“When he calls on me, I will answer him.”
The scholars ask us to keep in mind Matthew’s delight in reminding his readers, both Jew and Gentile, of the many connections between what we call the Old Testament, and what Jesus said and did.
Israel is often termed God’s people, the chosen ones, even given the title ‘Son’ in a collective manner. Signs of love were exchanged; a covenant was entered into and much of this is recorded in the book of Deuteronomy. The three scripture quotes used by Jesus are all from that book. Underpinning this relationship is the expectation that whereas a father may discipline a son, the son is not entitled to test the father.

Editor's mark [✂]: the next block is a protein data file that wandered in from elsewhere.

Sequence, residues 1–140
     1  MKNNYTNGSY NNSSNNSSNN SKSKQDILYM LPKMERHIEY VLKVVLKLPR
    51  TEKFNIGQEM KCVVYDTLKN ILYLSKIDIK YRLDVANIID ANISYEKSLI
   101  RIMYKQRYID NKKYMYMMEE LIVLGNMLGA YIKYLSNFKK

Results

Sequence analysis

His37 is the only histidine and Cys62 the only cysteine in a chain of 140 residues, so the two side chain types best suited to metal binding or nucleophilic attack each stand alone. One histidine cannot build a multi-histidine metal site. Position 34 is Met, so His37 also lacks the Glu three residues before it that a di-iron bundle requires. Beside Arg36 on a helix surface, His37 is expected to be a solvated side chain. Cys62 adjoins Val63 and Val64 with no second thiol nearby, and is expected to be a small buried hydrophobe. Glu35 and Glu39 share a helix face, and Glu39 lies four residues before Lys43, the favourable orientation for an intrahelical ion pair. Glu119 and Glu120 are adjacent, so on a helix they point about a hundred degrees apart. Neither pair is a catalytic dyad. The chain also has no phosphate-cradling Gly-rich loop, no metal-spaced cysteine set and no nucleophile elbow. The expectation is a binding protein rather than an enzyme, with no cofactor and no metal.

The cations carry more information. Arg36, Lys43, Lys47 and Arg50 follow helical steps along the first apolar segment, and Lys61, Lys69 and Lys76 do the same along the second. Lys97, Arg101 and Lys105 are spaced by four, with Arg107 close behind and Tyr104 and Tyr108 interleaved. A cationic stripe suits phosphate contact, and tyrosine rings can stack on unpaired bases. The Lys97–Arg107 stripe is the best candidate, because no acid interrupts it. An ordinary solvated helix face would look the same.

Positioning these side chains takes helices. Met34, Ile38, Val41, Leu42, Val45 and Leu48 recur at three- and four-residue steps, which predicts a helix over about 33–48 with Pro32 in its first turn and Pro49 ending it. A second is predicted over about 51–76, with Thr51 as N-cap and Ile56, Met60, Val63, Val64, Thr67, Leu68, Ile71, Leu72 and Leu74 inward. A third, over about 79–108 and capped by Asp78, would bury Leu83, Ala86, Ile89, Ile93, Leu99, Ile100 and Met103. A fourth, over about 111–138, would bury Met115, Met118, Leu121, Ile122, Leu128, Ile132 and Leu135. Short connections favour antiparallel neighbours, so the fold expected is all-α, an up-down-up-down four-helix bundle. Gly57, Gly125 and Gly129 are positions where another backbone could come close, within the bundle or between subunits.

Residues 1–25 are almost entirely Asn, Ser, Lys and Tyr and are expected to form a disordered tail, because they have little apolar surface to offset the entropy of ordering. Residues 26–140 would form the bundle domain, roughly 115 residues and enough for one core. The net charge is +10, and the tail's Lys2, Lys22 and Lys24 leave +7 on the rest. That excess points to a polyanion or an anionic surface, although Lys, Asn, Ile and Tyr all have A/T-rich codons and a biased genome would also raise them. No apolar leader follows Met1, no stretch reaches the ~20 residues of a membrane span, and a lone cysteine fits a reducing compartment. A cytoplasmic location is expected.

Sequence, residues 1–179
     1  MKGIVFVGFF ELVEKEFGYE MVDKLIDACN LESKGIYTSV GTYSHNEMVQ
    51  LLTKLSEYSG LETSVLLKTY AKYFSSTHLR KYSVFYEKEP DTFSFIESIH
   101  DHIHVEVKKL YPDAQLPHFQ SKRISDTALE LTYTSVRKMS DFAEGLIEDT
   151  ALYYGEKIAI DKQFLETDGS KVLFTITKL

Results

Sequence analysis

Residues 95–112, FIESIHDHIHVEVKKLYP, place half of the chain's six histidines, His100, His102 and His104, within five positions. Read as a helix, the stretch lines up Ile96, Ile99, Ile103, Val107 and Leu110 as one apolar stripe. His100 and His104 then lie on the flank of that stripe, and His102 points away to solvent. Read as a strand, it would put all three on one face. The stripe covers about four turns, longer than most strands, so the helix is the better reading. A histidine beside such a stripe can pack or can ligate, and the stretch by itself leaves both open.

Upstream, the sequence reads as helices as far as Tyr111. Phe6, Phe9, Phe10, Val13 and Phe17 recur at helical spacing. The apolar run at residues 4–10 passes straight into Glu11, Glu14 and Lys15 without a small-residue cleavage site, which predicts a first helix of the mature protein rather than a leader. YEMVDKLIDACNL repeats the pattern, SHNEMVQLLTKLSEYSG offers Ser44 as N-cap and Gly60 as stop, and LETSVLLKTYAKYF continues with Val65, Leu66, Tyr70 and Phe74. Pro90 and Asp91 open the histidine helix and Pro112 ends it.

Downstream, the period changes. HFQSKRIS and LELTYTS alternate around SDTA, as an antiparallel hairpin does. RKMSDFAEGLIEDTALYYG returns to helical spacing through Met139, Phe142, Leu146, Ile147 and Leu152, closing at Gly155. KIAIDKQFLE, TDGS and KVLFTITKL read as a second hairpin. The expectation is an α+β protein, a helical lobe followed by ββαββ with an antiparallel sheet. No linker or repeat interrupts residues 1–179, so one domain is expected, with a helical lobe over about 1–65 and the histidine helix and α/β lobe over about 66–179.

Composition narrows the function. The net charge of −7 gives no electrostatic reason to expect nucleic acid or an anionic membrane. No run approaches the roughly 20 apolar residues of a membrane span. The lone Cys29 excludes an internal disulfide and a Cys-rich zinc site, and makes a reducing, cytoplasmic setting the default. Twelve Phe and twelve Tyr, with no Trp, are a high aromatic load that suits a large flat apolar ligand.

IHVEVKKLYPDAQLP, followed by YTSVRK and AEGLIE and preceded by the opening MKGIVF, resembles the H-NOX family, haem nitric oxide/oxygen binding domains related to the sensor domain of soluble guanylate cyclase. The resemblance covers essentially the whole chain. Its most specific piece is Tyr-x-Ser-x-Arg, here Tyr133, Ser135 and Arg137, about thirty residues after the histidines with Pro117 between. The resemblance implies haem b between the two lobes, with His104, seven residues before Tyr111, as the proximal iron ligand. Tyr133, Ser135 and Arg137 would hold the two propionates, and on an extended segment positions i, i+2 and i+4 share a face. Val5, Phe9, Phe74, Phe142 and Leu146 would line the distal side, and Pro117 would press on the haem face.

“You shall not put the Lord your God to the test, as you tested him at Massah (Deut. 6:16).
Many scripture scholars suggest that in a biblical sense, the gospel passage today ought to be headed ‘the testing of God’s Son’. Remember those words from Hebrews 4:15 “…who in every respect has been tested as we are, yet without sin.” Where Israel in the wilderness failed, Jesus passes every test and, indeed, turns the tables so that the Devil, in a sense, finds himself tested.
Jesus really answered the call of his Father.
Lent stirs us to reflect yet again and find ways to answer God when he calls us.